When Data Centers Fail, Excuses Don't Cut It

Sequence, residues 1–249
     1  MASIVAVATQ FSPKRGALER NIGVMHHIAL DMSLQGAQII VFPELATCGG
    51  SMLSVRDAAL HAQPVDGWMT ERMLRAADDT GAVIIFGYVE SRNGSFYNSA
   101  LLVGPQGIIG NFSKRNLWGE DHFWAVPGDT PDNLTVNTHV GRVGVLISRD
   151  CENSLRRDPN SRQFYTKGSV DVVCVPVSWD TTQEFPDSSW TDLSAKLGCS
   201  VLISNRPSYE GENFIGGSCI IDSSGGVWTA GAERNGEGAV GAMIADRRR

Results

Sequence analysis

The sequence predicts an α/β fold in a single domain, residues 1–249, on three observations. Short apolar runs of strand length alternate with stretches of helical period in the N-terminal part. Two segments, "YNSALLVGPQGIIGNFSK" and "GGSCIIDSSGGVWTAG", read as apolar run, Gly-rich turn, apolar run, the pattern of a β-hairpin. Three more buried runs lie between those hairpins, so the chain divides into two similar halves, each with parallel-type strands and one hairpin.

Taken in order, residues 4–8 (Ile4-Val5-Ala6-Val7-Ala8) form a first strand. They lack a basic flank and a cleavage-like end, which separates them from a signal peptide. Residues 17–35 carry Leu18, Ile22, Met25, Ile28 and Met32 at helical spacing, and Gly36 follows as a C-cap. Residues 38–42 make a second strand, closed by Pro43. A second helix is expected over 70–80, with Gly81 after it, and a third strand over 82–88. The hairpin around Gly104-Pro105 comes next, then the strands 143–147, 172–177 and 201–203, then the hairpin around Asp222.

This is no way to run an Internet. When an Amazon data center in northern Virginia went out of service on June 29 in the midst of severe thunderstorms that caused power outages, it was a very big deal because Amazon provides its cloud-based Web Services to marquee names like Instagram, Pinterest, and Netflix among many others. Adding insult to injury was the fact that this was the second outage at that facility in less than a month. We shouldn’t be living in a world where Internet users have to watch a weather map and wonder whether a cumulonimbus cloud hovering over the D.C. suburbs is going to derail their photo uploading and movie downloading. Aren’t these companies and their infrastructures supposed to be more failsafe than that? Of course they are. Any company that powers its products or services with the help of a third-party cloud provider needs a fail-over plan. The easiest strategy is to minimize downtime risk by spreading the work among several data centers (something Netflix actually does). In fact, Amazon gives its cloud customers the option of storing their data at eight separate data centers, but the cost is prohibitive for up-and-coming companies that turned to the cloud as a money-saving strategy in the first place. As for Amazon, there’s simply no excuse. Data center designs include uninterruptible power supply strategies, and if that means you have to install batteries that are as big as Mack trucks, then so be it. Whatever it takes. This is a business where 99 percent uptime doesn’t cut it. One can only hope that any government data centers that are vital to national security and that are very likely also located in northern Virginia rode out the storm better than Amazon’s did. If any good comes out of this inconvenient and embarrassing mess, it will be in the form of serious discussion about the robustness of cloud-based implementations and how we can make them more robust going forward. After all, business is heading to the cloud, government is heading to the cloud, and most of us have already arrived there with our personal photos and files and e-mail. We shouldn’t have to lose sleep over a little midnight thunder.